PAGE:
The Inspirational Gio Guzzi

“I have to tell you something. The whole program is based on community, it feels weird for this story to be based on me, it’s just an avenue for us to come together.”

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A vibrant purple boa is casually wrapped around a doorknob, and a glitzy tiara with its chipped silver sheen hangs precariously from a section of matted feathers. Beyond this door is a small office, crammed full with books with feminist authors, inspirational quotes, a purple teddy bear whose significance is unknown to me, and watercolours that evoke peacefulness in the semi-chaos.

Her name, Gio Guzzi, is printed on a folded 8.5 x 11 and taped to the door.

Gio and I sit, knees almost touching, surrounded by all the aforementioned “clutter” in this space, but it doesn’t feel intrusive or overwhelming; its ambiance is warm and cozy. It has a lot to do with the woman sitting across from me, her eyes kind and twinkling with an ounce of rebellion.

As I am setting up my microphone, Gio’s eyes turn serious.

“I have to tell you something. The whole program is based on community, it feels weird for this story to be based on me, it’s just an avenue for us to come together.”

That is Gio Guzzi, humble and engaging while gently challenging your way of thinking. The Program Coordinator and Team Leader for the Birth Control and Unplanned Pregnancy (BCUPP) program at Women’s Health Clinic has been here over 30 years, and she is one of the most well-known and loved women at the clinic.

The BCUPP program has been at the core of WHC since day one. Trained volunteers meet with clients to discuss everything from birth control to navigating the decision-making process during an unplanned pregnancy. In the last year alone, the program has handled over 1300 counselling appointments.

When I ask her how she would describe her role in the BCUPP program, she smiles broadly.

“Community animator,” she says and her face lights up, a contrast to the curly dark hair framing her face. “It’s bringing together interested volunteers who want to give back to the community and services they may have received, in whatever capacity. It’s really about coming full circle, being a client and then becoming a provider and a helper. That is really what it is for me, building community and long term friendships, which is pretty amazing considering we are all different backgrounds and ages. We really are just a big group of interesting, weird people.”

Gio runs two training groups a year, consisting of 12 volunteers each. This spring, over 70 people applied to the program, which was one of the largest numbers in the history of the clinic. But in the process, applicants aren’t numbers to Gio, as she educates each applicant in the pro-choice, non-judgmental approach that is the cornerstone of Women’s Health Clinic. The philosophy and feminism that is at the heart of the program is inextricably linked with everything we do at Women’s Health Clinic.

“Depending on how you approach these issues, where you are at both physically and with the time commitment, but also emotionally, often people self-select,” said Gio. “Anyone who has wanted to volunteer with the program, has been able to. They might be on the waiting list for a couple years but it seems to always work out.”

The time commitment for training is intensive: 60 hours over three months followed by mentorship with another counsellor. Volunteers often say that Gio’s training is where they found their feminism, as the training stays away from lecture-based learning and instead focuses on growing and learning together through sometimes challenging discussions, particularly around feminism as the BCUPP program uses a feminist counseling model.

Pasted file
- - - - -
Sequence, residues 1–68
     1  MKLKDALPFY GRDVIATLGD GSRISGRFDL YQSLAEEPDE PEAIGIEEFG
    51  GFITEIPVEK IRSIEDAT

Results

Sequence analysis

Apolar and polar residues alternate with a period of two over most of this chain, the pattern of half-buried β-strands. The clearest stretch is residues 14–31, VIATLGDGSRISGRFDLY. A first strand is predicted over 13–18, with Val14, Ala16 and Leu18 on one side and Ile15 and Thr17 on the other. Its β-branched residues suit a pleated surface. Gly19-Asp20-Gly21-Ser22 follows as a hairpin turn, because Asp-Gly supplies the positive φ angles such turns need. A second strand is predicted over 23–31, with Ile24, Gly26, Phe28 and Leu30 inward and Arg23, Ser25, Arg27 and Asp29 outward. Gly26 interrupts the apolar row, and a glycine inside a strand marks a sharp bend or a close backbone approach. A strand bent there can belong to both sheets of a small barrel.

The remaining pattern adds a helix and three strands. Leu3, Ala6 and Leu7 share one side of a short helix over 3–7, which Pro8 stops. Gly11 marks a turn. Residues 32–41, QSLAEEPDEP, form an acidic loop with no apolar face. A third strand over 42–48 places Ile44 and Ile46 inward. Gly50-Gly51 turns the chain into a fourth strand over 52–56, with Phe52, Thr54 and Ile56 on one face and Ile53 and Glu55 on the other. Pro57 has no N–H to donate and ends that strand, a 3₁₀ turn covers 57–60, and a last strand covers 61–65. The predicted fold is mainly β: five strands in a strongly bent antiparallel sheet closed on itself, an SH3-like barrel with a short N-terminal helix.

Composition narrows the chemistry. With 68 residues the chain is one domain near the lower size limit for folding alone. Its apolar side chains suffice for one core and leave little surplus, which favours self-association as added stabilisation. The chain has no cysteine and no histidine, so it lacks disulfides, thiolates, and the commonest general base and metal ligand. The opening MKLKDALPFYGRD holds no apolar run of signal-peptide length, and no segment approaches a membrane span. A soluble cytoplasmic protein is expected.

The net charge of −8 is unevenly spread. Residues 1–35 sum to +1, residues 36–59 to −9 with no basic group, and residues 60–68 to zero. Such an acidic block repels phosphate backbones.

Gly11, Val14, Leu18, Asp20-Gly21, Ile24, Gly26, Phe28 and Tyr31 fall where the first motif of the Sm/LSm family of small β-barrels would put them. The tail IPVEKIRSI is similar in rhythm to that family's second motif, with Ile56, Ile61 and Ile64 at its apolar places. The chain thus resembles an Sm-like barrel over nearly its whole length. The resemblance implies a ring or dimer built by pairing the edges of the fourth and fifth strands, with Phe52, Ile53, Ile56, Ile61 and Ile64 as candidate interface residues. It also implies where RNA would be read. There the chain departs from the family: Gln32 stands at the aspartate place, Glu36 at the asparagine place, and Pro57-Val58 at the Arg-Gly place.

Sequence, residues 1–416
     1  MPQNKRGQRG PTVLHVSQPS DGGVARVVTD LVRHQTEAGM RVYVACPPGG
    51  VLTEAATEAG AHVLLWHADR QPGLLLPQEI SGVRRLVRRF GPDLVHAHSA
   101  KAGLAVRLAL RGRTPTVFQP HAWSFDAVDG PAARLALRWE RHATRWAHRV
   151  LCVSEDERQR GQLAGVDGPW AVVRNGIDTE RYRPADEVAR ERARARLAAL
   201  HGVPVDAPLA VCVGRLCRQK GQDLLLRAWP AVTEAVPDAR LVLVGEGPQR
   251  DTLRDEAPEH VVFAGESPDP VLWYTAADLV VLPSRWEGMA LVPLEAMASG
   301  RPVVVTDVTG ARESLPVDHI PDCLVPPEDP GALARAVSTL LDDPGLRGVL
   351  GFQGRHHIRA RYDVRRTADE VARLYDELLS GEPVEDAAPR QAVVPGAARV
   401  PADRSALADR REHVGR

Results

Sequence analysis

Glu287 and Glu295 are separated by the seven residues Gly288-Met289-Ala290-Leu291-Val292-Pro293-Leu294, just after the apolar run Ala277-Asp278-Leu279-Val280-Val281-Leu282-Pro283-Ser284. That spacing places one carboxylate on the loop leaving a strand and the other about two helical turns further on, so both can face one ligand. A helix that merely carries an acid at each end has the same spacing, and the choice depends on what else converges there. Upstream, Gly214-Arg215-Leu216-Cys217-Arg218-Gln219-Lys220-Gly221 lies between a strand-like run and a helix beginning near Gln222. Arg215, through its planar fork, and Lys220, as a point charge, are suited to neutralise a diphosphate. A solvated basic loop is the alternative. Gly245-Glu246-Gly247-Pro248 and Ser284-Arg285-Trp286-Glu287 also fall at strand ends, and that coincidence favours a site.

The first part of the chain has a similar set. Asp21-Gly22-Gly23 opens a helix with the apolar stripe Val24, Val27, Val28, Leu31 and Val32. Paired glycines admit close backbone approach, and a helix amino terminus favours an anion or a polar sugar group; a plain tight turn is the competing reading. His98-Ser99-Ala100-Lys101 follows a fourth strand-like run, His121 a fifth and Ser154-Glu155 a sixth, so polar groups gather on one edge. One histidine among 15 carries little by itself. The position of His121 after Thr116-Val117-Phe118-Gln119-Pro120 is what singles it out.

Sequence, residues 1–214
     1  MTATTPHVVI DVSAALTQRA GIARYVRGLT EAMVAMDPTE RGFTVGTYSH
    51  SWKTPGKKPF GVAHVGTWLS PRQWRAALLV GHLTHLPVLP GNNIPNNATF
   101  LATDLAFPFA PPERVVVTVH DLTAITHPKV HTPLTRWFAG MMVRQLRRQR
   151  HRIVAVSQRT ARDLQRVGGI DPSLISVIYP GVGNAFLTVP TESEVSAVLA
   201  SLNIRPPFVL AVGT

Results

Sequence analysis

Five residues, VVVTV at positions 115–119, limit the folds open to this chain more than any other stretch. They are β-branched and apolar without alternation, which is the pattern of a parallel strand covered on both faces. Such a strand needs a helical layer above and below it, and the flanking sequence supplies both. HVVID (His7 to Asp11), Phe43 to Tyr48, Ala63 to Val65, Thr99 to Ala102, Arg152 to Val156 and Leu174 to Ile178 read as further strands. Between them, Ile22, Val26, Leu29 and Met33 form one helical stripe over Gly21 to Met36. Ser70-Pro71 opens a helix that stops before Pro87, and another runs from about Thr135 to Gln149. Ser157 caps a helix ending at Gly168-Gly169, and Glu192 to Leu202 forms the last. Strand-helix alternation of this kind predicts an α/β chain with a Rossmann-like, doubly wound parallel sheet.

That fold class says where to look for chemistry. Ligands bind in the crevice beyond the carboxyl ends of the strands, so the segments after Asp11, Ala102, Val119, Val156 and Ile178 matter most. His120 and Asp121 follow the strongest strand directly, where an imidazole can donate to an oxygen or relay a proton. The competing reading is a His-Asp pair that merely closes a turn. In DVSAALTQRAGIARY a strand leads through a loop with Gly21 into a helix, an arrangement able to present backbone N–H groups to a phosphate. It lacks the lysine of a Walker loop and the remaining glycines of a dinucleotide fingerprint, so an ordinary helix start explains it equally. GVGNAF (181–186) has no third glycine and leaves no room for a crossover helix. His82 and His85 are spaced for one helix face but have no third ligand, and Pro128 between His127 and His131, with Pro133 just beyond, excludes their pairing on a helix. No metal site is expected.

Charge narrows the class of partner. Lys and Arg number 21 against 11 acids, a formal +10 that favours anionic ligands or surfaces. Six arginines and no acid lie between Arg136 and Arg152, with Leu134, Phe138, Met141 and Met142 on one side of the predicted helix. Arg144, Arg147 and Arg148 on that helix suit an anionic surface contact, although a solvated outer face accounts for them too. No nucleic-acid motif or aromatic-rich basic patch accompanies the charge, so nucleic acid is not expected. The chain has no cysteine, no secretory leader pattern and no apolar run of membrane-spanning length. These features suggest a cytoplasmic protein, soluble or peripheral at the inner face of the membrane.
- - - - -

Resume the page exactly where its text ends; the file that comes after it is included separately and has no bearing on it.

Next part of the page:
“Feminist counseling,” said Gio, “is a huge phrase with so many different layers and perspectives. How it is translated here is that we work with where the client is at. She is the expert in her own life, and embedded within that is very much a sex positive approach to sexuality. It means we stand with the client when she is figuring out what she needs to do (in unplanned pregnancy) or conversely she’s really clear in her decision and we are just going to get out of her way.”

We continue talking, well, actually I sit there, listening intently as Gio speaks about consent and how it looks in a way that talks about power and dominance and voice, negotiating safer sex use and who is judging your decisions. Often when Gio speaks, her voice lilts upwards at the end of a sentence – signifying a question – making you think about what she just said. Not quite a question and not quite a statement, I am never sure if she is asking me a question or if she questioning herself.

And that just some of the beauty that surrounds Gio Guzzi. She describes feminism as a spiral, going backwards, and forwards, and deeper, and not a beginning or end. She calls feminism “messy work” and anyone who knows Gio, knows she often speaks of sitting in the discomfort that is addressing racism, homophobia, class issues and abilism, to name a few. Social change without conflict, she says, isn’t social change.

“It has to be,” said Gio. “How else do you move if you aren’t uncomfortable with finding out ‘hey I missed that’ or ‘how did I not know that’ or ‘I think I have it figured out’, well good luck because nothing is really figured out,” Gio said with her trademark, infectious laugh.

With that I ask her a final question, “if you could say one thing to all your volunteers over the years, what would you say?”

Gio throws her head back laughing raucously, and says, “Are you kidding? No!”

And with this I realize, of course she would never have just one thing to say to the hundreds of diverse volunteers she has impacted over the years.

But if her volunteers had one common thing to say to Gio, it would overwhelmingly be…

“Thank you.”

by Amy Tuckett-McGimpsey

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